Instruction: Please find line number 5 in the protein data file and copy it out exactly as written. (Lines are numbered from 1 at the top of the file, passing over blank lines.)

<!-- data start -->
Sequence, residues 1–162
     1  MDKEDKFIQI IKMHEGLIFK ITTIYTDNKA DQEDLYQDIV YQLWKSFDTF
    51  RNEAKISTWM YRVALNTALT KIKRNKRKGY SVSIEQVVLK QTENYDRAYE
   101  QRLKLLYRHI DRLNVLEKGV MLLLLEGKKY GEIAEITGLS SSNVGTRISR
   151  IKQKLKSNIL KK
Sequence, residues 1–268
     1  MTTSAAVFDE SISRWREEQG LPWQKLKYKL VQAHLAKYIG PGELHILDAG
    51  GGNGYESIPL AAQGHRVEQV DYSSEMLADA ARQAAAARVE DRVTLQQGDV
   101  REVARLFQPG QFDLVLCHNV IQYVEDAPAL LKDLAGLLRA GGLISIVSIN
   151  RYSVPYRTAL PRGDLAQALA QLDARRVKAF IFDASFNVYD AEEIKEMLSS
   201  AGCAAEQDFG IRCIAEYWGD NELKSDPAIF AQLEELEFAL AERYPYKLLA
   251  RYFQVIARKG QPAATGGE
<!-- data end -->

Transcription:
   151  IKQKLKSNIL KK